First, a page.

Wednesday, July 26, 2006

Insomniac Movie Review: Howl's Moving Castle

Howl's Moving Castle

Directed by Hayao Miyazaki

An amazing film, beautiful and thought provoking. Although it is certainly adapted by the novel (of same name) by Diana Wynne Johnson, the film departs from the source material to examine the harsh effects of war on the central characters and the world they live in.

The central plot revolves around a girl, Sophie, who falls under a witch's curse to become a 90-year-old woman. I could go on and on about how she comes to interact with the Wizard Howl and have a positive effect on the people around her as she struggles to overcome her own curse, but I won't. It's much more fun to watch it unfold than to be told about it. One thing about Miyazaki, he loves to tell a good story. It is not by accident that John Lasseter and Brad Bird (Pixar geniuses of storycrafting) have raved about Miyazaki in general and this film in particular. Well, okay, it's more than coincidence; the English dubbing was directed by Pete Docter (also of the Pixar genius clan). But directing the English voices is not nearly the same as directing the movie itself, and Miyazaki does a superior job.

The warfare in this story is not glorified, like some kind of Richard Donner movie or G.I. Joe cartoon. It is made very clear that war and violence disrupt the peace and beauty of everyday life, and it may scare younger children. The war storyline can easily be construed as a judgement of the current wars in the Middle East, but it holds true for any war that is fought close to someone's home. Remember the lesson of Tolkein, and look for applicability to many aspects of our lives, not allegory to one particular situation.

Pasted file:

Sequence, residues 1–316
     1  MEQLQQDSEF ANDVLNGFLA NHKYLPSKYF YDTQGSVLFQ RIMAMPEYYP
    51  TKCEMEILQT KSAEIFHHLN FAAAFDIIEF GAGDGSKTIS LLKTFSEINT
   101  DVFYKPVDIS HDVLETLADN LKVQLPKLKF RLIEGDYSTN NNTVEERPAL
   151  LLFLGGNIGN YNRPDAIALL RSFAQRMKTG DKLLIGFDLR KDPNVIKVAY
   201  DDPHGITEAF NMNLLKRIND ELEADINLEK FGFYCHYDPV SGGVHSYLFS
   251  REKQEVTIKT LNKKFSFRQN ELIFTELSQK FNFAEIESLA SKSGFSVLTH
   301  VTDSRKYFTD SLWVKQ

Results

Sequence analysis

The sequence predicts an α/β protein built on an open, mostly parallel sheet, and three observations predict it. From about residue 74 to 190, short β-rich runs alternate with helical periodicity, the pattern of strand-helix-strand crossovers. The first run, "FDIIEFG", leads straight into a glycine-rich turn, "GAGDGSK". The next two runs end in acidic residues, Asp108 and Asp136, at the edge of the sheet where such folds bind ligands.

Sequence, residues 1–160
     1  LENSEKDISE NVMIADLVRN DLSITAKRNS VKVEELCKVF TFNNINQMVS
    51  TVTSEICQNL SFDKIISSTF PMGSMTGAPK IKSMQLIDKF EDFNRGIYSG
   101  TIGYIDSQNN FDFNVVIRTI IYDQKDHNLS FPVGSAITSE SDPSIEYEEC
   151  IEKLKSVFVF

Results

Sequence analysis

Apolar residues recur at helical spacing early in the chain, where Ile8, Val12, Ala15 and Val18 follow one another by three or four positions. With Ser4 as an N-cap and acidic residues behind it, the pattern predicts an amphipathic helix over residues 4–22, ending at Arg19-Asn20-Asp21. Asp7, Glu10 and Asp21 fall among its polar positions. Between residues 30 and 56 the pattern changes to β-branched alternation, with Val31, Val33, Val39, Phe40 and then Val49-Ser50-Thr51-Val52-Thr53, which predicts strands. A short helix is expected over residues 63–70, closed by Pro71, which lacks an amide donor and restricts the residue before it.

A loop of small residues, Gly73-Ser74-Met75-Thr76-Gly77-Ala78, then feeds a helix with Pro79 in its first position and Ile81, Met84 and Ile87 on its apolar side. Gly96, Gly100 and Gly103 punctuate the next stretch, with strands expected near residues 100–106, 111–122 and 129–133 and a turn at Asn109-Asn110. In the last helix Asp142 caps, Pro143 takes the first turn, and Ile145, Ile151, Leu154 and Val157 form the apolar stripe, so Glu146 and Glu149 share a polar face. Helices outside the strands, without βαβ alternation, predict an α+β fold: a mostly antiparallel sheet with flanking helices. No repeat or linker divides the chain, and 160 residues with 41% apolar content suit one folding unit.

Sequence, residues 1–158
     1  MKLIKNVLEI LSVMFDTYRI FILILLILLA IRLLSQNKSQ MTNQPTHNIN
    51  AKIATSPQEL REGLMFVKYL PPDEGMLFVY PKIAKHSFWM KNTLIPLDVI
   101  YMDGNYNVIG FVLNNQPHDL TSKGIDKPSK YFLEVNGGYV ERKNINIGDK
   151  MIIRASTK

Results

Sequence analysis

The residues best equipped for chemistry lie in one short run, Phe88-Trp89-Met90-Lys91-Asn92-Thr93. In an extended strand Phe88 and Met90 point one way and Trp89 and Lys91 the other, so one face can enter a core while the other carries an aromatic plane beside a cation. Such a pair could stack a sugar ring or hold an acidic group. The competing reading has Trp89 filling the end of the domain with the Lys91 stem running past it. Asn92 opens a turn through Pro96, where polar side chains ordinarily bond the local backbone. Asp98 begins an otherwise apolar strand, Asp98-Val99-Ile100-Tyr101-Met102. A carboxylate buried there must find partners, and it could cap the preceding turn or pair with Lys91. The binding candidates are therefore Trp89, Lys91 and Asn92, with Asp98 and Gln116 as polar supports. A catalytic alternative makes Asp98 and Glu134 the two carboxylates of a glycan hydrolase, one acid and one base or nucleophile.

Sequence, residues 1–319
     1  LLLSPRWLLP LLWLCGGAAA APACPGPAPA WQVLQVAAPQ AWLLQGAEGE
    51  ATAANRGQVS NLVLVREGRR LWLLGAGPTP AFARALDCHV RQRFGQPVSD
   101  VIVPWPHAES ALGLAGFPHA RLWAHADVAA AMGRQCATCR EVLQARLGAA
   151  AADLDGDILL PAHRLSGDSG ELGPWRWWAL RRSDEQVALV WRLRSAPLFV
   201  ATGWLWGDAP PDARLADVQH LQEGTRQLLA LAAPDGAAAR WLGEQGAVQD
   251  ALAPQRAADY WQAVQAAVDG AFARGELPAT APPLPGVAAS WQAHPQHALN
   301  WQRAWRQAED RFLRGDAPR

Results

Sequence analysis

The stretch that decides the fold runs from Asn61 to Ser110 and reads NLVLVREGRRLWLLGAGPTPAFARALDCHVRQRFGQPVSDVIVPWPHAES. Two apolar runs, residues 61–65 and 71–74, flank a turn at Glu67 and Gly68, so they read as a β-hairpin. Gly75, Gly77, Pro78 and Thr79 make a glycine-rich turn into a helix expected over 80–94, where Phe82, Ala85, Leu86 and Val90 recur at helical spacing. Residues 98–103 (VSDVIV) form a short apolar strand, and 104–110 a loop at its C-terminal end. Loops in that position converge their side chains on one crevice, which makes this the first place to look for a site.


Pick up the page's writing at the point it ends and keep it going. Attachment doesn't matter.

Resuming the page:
The animation is, quite simply, superb. Perhaps the people's faces are typical of anime, but the scenery is outstanding and the transformations astounded me. I wish I had a Hi-Def TV just for this movie.

Be aware, parents, that there is very slight, brief nudity. The central character is even trying to look away, so it's not like some gratuitous derriere footage. Honestly, if you think a quick side view of a cartoon butt is an issue, then you really need to see a therapist. Your kids look at their own butts in the full length mirror, people, whether you know it or not. Get over it.

If I must address a perceived flaw, it is that the ending seems too neat. However, it should be noted that the book itself has an absurdly neat ending, in which myriad storylines are all wrapped up in so concise a manner that I found myself checking to make sure I hadn't accidentally skipped some pages. So get over it, critics.

Rent this movie. You'll love it.

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